Telomeres and COVID-19
In the past year, a new strain of coronavirus known as severe acute respiratory syndrome coronavirus 2 (SARS-CoV-2, or COVID-19) has emerged and caused a world-wide pandemic. It has truly changed the way in which we live, impacting everything from governments and their citizens to scientific exploration and innovation. In light of this new virus, the scientific community has been diligently researching to try to learn more about it and potential treatments. One such new finding has been the relation between telomeres and COVID-19.
Telomeres are segments of repeating nucleotide bases that are found capping the ends of our DNA. Their main purpose is to protect our chromosomes during the replication cycle. Each time DNA is replicated, the process is known to create an overhang on one of the two DNA strands. Such an overhang is greatly unfavourable because it causes significant shortening of the DNA, putting our biological blueprints at risk. In order to combat this, the repeating bases that make up telomeres are shortened instead, since they are not protein coding and therefore can afford to be lost. Simply put, telomeres form a safeguarding loop at the end of the chromosome by attaching to the DNA overhang created during replication.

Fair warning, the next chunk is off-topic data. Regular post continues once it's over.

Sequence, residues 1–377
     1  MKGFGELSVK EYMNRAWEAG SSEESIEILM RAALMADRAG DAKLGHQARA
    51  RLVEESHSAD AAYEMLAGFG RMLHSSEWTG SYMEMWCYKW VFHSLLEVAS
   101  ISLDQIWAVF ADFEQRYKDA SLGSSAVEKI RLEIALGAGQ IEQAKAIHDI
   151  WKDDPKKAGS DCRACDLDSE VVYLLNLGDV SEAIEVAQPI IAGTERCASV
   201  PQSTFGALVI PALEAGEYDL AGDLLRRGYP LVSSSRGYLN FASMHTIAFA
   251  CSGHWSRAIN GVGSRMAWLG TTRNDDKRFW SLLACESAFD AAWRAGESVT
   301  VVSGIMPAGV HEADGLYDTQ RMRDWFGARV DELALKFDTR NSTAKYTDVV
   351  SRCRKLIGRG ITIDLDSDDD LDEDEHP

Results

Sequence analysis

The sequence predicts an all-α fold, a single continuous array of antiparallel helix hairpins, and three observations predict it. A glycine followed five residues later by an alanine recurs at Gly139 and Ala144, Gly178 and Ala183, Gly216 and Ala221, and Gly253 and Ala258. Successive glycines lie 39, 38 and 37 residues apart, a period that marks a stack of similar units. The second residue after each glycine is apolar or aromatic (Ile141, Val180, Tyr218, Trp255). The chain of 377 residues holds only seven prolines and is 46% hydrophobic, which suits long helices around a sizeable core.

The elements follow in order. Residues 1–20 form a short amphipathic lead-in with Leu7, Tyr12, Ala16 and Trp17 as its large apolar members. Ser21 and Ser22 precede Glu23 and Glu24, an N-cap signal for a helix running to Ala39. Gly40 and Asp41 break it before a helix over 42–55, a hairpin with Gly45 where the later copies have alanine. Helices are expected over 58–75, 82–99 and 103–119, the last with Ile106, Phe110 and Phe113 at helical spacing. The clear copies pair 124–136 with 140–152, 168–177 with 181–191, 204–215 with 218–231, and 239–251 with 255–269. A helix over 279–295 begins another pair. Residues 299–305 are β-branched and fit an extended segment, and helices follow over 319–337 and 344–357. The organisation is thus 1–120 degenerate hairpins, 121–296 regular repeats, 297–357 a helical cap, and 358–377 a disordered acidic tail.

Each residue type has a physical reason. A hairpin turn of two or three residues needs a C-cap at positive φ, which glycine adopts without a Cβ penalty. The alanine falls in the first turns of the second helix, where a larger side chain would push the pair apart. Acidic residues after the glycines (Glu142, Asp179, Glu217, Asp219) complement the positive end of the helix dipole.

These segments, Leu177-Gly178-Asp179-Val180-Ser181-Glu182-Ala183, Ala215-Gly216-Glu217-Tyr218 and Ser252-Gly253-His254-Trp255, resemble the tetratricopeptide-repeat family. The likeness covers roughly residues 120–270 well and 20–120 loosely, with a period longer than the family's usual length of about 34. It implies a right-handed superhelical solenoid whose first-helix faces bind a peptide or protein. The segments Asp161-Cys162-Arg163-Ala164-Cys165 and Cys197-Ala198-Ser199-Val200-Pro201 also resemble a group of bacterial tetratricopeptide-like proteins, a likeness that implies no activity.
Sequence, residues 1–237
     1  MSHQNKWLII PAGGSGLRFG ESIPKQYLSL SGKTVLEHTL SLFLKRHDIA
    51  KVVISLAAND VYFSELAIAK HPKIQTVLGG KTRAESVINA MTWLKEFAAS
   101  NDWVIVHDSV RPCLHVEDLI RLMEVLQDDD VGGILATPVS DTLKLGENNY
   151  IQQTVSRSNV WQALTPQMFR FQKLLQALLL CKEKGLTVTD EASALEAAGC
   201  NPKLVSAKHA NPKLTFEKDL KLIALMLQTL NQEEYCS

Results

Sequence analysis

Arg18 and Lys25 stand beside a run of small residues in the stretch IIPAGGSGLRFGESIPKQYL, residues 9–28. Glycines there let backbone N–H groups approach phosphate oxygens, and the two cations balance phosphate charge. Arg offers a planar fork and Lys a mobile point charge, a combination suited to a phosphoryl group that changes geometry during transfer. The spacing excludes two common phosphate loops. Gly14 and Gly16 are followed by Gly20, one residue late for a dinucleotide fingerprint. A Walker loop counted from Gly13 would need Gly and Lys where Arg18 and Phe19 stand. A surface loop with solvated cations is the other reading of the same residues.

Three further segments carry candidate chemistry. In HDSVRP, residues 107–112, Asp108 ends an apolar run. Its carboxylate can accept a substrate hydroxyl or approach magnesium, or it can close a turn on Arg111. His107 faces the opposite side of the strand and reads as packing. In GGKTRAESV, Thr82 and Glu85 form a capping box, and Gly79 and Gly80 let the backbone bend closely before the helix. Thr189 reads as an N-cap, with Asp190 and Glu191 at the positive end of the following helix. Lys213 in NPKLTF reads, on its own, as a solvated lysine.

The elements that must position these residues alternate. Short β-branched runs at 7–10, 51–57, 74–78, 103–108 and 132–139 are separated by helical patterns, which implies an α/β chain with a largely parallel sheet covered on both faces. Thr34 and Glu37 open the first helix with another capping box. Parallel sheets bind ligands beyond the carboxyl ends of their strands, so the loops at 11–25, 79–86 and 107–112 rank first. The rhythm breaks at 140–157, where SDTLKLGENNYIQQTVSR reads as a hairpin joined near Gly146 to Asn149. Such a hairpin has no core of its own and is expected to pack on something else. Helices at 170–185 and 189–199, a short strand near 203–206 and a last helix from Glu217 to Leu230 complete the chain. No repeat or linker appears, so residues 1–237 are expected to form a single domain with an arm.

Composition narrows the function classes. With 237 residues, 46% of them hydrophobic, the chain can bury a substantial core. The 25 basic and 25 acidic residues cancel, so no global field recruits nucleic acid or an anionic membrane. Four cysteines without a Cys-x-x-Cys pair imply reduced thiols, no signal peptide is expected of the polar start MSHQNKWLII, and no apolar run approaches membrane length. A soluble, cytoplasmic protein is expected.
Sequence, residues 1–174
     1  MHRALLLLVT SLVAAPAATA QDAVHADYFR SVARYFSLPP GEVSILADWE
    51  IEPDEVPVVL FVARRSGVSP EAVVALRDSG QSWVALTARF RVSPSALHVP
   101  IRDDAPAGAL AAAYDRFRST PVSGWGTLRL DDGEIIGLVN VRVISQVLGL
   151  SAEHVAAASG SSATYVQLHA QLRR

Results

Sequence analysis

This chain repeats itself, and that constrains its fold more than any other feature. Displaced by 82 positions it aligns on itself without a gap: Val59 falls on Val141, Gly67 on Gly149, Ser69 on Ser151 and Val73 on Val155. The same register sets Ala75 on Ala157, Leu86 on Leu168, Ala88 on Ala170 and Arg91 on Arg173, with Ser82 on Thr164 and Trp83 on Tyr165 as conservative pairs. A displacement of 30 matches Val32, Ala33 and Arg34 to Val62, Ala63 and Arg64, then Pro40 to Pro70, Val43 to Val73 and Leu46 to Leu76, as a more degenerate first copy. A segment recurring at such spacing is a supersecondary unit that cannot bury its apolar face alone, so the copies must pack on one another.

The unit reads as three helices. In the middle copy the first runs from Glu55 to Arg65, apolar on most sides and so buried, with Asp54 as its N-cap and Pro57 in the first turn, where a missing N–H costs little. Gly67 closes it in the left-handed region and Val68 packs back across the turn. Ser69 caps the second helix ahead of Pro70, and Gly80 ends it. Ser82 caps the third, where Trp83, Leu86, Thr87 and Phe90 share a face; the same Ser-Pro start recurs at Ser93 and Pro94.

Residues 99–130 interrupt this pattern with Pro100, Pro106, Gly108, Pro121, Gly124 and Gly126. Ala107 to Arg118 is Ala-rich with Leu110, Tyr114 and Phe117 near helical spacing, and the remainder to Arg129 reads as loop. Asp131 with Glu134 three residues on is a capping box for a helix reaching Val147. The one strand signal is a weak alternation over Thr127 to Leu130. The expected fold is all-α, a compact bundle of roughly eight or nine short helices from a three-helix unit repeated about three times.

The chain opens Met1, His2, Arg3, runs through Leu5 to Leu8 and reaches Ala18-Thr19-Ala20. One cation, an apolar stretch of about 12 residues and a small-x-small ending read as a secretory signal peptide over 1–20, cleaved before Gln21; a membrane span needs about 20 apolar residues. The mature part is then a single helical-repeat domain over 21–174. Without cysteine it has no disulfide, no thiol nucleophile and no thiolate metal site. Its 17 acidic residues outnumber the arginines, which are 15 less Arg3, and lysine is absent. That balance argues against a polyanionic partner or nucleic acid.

Considering DNA is replicated each time any cell in our body divides, telomeres take a lot of damage over the years! In the past, researchers have discovered that the shortening of telomeres with each replication directly correlates to cellular aging. As the telomeres shorten with each divide, a certain length is reached at which the cell is no longer able to divide without damaging the chromosome. Once a cell’s telomeres reach this certain length, it undergoes programmed cell death, or apoptosis, that is directly related to tissue death. Sources have stated that regardless of one’s chronological age, telomeres directly reflect one’s biological age because of this.
A study by Dr. Abraham Aviv of Rutgers New Jersey Medical School has linked lymphopenia, a condition relating to a decreased number of lymphocytes, to shortened telomere length. In patients with lymphopenia, their white blood cell telomeres were shorter than usual, meaning the cells that play a key role in immune response were unable to divide efficiently. Another study has confirmed that decreased amounts of immune cells found within the body of critical care patients could be related to poor prognosis. This impacts an individual’s ability to combat coronavirus if infected, leading to a larger mortality rate in such patients regardless of chronological age. Thus, patients with lymphopenia caused by shortened telomeres could be considered to be at higher risk if infected by coronavirus.
Information on how telomeres operate within our cells has led to a new path in understanding how coronavirus can impact individuals. While there is definitely more research to come on the virus that has caused a great frenzy within the scientific community, it is interesting to note how our past knowledge on basic biological concepts can equip us to tackle this newfound condition.